Changing Relations Between Europe and Africa
By Rachel Hart
Last week, the Open Society Foundations released the report EU-AU Relations: The Partnership on Democratic Governance and Human Rights of the Joint Africa-EU Strategy. I spoke with the report’s author, Marta Martinelli, a senior policy officer based in our Brussels office who works on gender, democratization, and security governance and development issues in Africa.
What is the Joint Africa-EU Strategy?
At its narrowest point, only 15 kilometers separate Europe and Africa in the Strait of Gibraltar. Partially due to their close proximity, relations between the two continents have always been intertwined. Throughout history the prosperity, stability, and security of one region has directly affected the other. Recent events in in North Africa, and the influx of Tunisian and Libyan migrants to European shores, have only underscored this connection, and at times, tension.
Migration, however, is but one issue of importance between Europe and Africa. Trade, energy, climate change, democratic governance, and human rights, are among the joint concerns for these regions bound together by history, culture, and geography. Indeed, it cannot be ignored that Europe and Africa share a common future.
Adopted in 2007, the Joint Africa-EU Strategy provides a long-term framework for relations between the African Union and the European Union, based on equality and shared interests. At the core of the strategy is the understanding that relations between the two continents must be premised on equal participation and representation. For the first time, this strategy put both partners on an equal footing and raised expectations that Africans would not be just the “recipients” of prepackaged assistance from the European Union but would sit side-by-side with the EU at the decision-making table.
As a replacement for the EU-Africa Strategy adopted in 2005 to guide EU support for the Millennium Development Goals in Africa, which was marked by an unbalanced donor-recipient relationship, the Joint Africa-EU Strategy promised a new path for engagement.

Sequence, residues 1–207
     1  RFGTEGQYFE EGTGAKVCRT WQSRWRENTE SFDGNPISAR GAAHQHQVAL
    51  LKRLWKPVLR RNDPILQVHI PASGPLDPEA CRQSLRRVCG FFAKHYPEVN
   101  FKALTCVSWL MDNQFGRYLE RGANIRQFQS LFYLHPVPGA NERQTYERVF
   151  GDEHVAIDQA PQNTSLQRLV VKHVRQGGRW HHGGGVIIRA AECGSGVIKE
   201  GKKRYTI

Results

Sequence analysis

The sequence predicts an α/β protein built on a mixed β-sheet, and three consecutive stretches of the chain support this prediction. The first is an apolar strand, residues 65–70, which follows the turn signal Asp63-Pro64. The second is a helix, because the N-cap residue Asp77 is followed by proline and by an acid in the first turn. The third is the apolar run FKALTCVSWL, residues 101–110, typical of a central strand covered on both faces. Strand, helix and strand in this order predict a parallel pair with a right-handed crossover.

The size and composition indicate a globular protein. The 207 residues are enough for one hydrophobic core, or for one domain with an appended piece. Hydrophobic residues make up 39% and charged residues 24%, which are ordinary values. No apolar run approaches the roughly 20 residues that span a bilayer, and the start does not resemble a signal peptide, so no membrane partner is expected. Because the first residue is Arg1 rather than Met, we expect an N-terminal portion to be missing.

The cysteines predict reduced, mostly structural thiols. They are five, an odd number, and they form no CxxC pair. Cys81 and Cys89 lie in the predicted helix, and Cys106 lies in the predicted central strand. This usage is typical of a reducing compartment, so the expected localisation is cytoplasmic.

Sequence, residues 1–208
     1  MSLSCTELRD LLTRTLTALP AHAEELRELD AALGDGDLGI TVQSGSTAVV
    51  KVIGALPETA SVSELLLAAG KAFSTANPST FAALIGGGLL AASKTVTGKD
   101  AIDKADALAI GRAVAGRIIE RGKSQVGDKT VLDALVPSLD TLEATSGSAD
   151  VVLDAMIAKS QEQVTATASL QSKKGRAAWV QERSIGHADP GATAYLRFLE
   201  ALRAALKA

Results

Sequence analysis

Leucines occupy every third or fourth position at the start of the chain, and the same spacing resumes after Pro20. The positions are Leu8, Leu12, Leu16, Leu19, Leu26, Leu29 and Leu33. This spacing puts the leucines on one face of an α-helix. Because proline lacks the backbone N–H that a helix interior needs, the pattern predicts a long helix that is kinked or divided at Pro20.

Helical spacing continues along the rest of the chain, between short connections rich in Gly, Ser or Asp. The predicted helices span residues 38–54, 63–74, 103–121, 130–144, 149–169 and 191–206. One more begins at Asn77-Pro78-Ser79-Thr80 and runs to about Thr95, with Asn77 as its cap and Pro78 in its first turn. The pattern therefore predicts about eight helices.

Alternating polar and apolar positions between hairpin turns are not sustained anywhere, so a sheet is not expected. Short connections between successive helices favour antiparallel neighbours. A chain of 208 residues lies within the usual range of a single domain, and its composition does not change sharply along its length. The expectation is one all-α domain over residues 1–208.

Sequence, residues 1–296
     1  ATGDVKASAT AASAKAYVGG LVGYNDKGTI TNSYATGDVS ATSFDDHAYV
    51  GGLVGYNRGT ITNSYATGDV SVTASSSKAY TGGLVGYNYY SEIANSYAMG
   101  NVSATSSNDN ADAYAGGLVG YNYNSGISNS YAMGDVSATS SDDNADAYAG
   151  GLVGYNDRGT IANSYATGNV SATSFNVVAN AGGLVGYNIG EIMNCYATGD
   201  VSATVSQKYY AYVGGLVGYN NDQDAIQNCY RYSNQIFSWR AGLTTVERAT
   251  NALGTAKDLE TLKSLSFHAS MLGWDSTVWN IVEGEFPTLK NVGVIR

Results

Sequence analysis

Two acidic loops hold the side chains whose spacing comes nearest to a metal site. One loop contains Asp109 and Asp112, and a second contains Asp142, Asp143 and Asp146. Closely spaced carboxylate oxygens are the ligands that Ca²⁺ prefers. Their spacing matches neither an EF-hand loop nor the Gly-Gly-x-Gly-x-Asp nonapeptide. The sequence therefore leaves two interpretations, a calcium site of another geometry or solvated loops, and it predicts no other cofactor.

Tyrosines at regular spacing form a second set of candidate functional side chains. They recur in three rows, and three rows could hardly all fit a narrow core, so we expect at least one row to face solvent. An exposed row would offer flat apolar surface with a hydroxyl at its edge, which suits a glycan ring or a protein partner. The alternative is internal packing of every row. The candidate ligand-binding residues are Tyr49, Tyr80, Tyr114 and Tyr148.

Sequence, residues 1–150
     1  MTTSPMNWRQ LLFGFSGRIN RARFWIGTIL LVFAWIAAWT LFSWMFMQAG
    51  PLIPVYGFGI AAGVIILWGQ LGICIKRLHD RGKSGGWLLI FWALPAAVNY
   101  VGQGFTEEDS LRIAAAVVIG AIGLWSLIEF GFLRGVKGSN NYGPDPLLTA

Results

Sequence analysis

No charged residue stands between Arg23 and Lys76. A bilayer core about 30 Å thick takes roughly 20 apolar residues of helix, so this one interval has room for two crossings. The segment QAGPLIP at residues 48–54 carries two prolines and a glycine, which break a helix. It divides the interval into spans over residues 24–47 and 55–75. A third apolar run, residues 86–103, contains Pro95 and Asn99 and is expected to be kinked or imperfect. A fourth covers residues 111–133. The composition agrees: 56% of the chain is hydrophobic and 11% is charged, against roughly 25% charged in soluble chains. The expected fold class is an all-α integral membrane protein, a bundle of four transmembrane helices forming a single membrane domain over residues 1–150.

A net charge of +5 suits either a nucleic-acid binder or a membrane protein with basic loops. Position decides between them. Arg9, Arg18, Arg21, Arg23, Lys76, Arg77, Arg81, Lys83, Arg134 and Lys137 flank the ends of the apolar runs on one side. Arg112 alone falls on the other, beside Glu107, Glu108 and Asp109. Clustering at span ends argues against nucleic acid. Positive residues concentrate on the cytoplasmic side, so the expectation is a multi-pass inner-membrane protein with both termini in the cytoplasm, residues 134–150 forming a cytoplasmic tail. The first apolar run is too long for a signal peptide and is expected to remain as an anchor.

What is the impetus behind changing the relationship between the two continents from one of donor-recipient to equal participation?
Broadly speaking, two decades ago donors began having growing concerns as to the effectiveness of development cooperation between developed and developing countries, including the EU and Africa. These concerns covered a wide range of areas from the conceptualization of development cooperation to its content and practice. There was increasing recognition that development policies and programs had, at least to a certain extent, failed to deliver meaningful and sustainable development.
Dissatisfaction in donor countries at the poor track-record of development aid, was matched by equal frustration in recipient countries. This frustration was compounded by bitterness and resentment left over by draconian policies imposed on Africans by international monetary institutions. Donors, including the EU, began to feel the need to revise their relationship with beneficiaries.
In the early 1990s, the rise of armed conflicts, on the continent also led to the need for Africans to play an increased role in peace and security matters. However, with increased responsibility came the demand from many African countries that the continent play a more active role in the international community. Europe recognized the evolution taking place and the deepening of Africa’s integration as well as the need for more effective and coherent relations.
What has happened with the Joint Africa-EU Strategy was adopted in 2007?
In 2007, the heads of state and government from 53 African countries and 27 EU member-states launched the Joint Africa-EU Strategy and outlined eight areas of focus: peace and security; democratic governance and human rights; trade, regional integration and infrastructure; Millennium Development Goals; energy; climate change; migration, mobility, and employment; and science, information, society, and space.
The first action plan was launched in 2008 and focused on eight thematic partnerships (peace and security; democratic governance and human rights; Millennium Development Goals; Trade, regional integration and infrastructure; energy; climate change; migration, mobility and employment; science, information society, and space). African and European leaders renewed their commitment to the Partnership at their 3rd Africa-EU Summit held in Libya in November 2010. That summit focused on investment, economic growth, and job creation, and a second action plan for 2011-2013.
Has the strategy been met by any stumbling blocks?
The track record of the partnership is mixed. The strategy was meant to deliver on: a) improved political dialogue and joint positions on shared inter-continental and global concerns; b) closer involvement of non-state actors; and c) stronger European support for continental integration in Africa.